Balloonfest ’86: United Way of Cleveland’s Fatal Fundraiser
Another image from the infamous Balloonfest. Pinterest.

The Balloons Come Down

One thing that the organizers of the event did not expect was that a cold front was arriving, announcing the end of summer and the beginning of fall. Ordinarily, helium balloons stay afloat long enough for all the air to leak out of them before they begin to fall back to earth. However, at this particular event, they floated up and hit the cold air mass that was descending on Cleveland. The organizers could also be forgiven for not understanding the environmental consequences of releasing 1.5 million balloons into the atmosphere, considering that many people in 1986 were not aware of the dangers of pollution.

The balloons rose up in a giant mass, enthralling children and adults alike, and became little specks among the clouds. When they hit the cold air and the rain that the front was bringing, they quickly began their descent back to earth, with much of the helium still inside of them. They rained down on the nearby Burke Lakefront Airport, next to the shores of Lake Erie on the Cleveland side. The airport had to shut down for an hour because the inflated balloons that littered the runway were a hazard to departing and arriving planes.

Balloonfest ’86: United Way of Cleveland’s Fatal Fundraiser
Balloons rain down on Lake Erie in 1986.

They also rained down on Lake Erie itself, which is a thriving ecosystem for many forms of wildlife and plant life. The inflated balloons covered the surface of the water in what may have looked like a festive scene but were actually disastrous for search and rescue efforts. Raymond Broderick and Bernard Sulzer were fishermen who had gone out on Lake Erie the day before and not come back home. The day of Balloonfest, their families reported them missing, and the Coast Guard began a search and rescue operation. The balloons were so dense that the service had to be called off. The two men’s bodies later washed up on shore.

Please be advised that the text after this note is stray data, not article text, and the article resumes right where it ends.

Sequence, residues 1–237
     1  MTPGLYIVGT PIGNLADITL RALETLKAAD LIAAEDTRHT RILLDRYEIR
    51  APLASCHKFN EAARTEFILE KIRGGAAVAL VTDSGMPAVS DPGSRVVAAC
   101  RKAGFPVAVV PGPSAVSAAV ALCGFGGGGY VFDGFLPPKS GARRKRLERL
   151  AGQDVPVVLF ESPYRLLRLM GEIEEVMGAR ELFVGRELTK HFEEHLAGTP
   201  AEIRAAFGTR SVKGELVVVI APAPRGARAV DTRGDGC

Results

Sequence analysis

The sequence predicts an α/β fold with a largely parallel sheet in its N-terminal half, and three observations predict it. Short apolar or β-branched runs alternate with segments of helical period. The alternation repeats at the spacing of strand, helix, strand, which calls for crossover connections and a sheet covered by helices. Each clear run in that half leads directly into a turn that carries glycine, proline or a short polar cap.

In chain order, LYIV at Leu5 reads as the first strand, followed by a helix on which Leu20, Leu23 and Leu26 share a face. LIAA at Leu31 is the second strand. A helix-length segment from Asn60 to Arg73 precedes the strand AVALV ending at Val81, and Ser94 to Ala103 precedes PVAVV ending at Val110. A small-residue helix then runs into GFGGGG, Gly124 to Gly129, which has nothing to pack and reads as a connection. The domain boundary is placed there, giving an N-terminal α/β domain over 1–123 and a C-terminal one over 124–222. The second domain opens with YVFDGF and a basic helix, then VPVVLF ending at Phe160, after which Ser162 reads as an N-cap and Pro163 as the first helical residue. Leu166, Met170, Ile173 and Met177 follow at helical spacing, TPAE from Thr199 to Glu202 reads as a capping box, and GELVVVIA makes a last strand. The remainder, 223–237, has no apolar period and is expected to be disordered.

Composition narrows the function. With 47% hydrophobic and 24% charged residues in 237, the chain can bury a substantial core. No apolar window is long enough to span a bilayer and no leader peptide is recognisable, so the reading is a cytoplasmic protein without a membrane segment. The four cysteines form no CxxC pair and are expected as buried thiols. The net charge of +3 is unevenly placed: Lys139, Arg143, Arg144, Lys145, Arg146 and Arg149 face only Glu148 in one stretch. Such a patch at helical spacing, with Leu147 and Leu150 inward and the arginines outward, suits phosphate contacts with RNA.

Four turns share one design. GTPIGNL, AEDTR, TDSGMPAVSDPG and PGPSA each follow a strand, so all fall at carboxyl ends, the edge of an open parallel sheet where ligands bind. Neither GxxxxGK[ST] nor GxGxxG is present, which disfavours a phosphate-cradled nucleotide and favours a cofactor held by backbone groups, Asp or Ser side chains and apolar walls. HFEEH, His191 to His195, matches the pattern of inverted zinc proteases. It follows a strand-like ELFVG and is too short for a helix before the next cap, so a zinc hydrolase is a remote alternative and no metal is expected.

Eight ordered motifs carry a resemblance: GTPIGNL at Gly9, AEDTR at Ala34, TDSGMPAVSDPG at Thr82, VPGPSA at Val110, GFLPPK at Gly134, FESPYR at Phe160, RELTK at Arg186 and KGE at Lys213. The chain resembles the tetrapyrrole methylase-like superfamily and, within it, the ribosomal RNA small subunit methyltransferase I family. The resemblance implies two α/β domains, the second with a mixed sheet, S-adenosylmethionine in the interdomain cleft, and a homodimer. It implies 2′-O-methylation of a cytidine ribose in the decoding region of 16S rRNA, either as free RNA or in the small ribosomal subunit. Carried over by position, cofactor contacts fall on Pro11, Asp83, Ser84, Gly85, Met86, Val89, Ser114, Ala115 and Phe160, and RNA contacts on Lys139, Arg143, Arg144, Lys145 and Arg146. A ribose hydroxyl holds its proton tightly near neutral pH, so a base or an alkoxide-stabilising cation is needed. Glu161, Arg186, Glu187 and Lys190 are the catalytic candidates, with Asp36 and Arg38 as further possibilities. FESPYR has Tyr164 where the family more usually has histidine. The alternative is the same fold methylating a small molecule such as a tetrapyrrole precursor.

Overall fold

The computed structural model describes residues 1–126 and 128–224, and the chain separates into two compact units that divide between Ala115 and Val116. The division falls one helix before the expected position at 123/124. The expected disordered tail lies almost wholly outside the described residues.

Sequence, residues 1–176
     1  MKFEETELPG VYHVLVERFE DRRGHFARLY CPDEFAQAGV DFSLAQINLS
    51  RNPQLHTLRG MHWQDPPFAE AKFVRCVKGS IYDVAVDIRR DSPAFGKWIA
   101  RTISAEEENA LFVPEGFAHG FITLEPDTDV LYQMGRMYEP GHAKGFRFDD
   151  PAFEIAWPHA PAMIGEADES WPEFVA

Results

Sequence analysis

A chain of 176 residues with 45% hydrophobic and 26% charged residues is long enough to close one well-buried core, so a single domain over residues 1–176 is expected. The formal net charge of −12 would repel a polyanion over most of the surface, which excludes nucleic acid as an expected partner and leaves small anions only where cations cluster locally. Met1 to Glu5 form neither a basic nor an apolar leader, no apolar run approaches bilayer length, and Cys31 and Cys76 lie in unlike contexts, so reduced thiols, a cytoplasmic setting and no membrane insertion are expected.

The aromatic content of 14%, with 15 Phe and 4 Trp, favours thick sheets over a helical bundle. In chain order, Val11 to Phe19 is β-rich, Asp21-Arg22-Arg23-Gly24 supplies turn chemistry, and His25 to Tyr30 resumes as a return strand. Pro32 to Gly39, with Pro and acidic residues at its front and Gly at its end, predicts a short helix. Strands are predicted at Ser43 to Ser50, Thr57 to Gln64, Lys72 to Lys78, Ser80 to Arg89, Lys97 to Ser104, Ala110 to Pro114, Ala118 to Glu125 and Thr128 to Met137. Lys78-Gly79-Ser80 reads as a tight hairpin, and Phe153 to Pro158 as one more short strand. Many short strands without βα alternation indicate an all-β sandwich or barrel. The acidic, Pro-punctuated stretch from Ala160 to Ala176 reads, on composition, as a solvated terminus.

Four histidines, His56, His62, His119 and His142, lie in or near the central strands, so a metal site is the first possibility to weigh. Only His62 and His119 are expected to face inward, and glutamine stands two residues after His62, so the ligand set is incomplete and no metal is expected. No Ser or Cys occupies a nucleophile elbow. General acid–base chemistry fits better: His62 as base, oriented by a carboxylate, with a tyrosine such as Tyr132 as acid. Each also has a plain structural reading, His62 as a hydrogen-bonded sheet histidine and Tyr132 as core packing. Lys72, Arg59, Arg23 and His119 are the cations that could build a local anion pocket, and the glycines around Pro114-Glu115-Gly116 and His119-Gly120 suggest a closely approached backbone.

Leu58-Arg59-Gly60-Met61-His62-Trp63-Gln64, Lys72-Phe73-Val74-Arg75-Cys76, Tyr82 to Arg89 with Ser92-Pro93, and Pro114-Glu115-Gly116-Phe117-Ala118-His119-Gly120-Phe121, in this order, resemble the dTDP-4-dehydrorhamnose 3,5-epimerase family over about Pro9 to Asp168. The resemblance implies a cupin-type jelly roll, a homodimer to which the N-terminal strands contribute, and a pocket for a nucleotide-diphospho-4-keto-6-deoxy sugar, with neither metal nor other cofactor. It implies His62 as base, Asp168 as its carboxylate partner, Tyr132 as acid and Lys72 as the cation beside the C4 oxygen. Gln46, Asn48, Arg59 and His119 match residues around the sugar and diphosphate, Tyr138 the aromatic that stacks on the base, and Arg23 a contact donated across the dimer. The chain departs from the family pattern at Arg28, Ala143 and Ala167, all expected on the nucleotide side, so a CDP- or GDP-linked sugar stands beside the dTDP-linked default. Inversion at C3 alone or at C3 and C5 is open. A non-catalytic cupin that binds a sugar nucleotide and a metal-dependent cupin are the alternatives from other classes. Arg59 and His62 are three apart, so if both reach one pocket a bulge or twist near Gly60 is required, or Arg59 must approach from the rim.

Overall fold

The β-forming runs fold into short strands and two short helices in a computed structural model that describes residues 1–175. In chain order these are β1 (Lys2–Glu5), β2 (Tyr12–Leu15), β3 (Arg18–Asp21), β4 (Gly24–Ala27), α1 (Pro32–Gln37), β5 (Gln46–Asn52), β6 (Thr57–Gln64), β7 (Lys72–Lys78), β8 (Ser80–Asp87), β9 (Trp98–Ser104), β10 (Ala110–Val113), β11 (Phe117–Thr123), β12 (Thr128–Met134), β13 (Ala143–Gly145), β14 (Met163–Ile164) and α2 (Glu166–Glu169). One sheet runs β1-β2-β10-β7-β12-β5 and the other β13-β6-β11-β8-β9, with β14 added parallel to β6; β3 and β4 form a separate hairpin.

Lake Erie forms a border between the United States and Canada. Over the next few weeks, winds on the water blew the now-deflated balloons northwards to the Ontario, Canada shores of the lake. Residents were less than thrilled to have to pick up the balloon debris that was littering the natural shoreline. The balloons were made of plastic, which is not biodegradable, so the only way to deal with the plight was to pick them up and dispose of them. Many local Canadians expressed great dismay at the harm to the environment that the spectacle had caused.

A local, P. Allen Woodliffe, said, “A short time ago I was walking along the east beach of one of the special natural areas in Ontario-Rondeau Provincial Park. I was greatly dismayed, however, when I saw balloons along the shore, not just one or two but many. In an average 200-yard stretch along the east beach, I counted 140 balloons. In the same average distance along the south beach, there were at least 300. This translated into anywhere from 10,000 to 15,000 balloons scattered along the 8-1/2 miles of shoreline at Rondeau.”

Balloonfest ’86: United Way of Cleveland’s Fatal Fundraiser
1.5 million balloons the moment after launch in Ohio.

Fallout of Balloonfest